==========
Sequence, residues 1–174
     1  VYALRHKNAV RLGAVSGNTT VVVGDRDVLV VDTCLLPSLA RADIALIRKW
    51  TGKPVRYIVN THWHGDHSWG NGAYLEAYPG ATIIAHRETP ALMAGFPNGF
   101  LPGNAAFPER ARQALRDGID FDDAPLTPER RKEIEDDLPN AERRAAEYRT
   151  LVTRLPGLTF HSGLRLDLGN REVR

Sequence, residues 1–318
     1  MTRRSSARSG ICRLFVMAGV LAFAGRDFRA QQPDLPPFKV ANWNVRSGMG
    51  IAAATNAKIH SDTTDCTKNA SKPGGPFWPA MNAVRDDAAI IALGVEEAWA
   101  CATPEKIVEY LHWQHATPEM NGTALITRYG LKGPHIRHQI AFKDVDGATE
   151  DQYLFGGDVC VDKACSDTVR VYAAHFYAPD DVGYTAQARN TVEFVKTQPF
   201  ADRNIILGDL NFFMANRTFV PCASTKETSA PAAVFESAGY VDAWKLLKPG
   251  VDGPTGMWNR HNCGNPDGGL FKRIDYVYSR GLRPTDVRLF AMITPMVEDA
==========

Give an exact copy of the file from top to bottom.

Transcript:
Sequence, residues 1–174
     1  VYALRHKNAV RLGAVSGNTT VVVGDRDVLV VDTCLLPSLA RADIALIRKW
    51  TGKPVRYIVN THWHGDHSWG NGAYLEAYPG ATIIAHRETP ALMAGFPNGF
   101  LPGNAAFPER ARQALRDGID FDDAPLTPER RKEIEDDLPN AERRAAEYRT
   151  LVTRLPGLTF HSGLRLDLGN REVR

Sequence, residues 1–318
     1  MTRRSSARSG ICRLFVMAGV LAFAGRDFRA QQPDLPPFKV ANWNVRSGMG
    51  IAAATNAKIH SDTTDCTKNA SKPGGPFWPA MNAVRDDAAI IALGVEEAWA
   101  CATPEKIVEY LHWQHATPEM NGTALITRYG LKGPHIRHQI AFKDVDGATE
   151  DQYLFGGDVC VDKACSDTVR VYAAHFYAPD DVGYTAQARN TVEFVKTQPF
   201  ADRNIILGDL NFFMANRTFV PCASTKETSA PAAVFESAGY VDAWKLLKPG
   251  VDGPTGMWNR HNCGNPDGGL FKRIDYVYSR GLRPTDVRLF AMITPMVEDA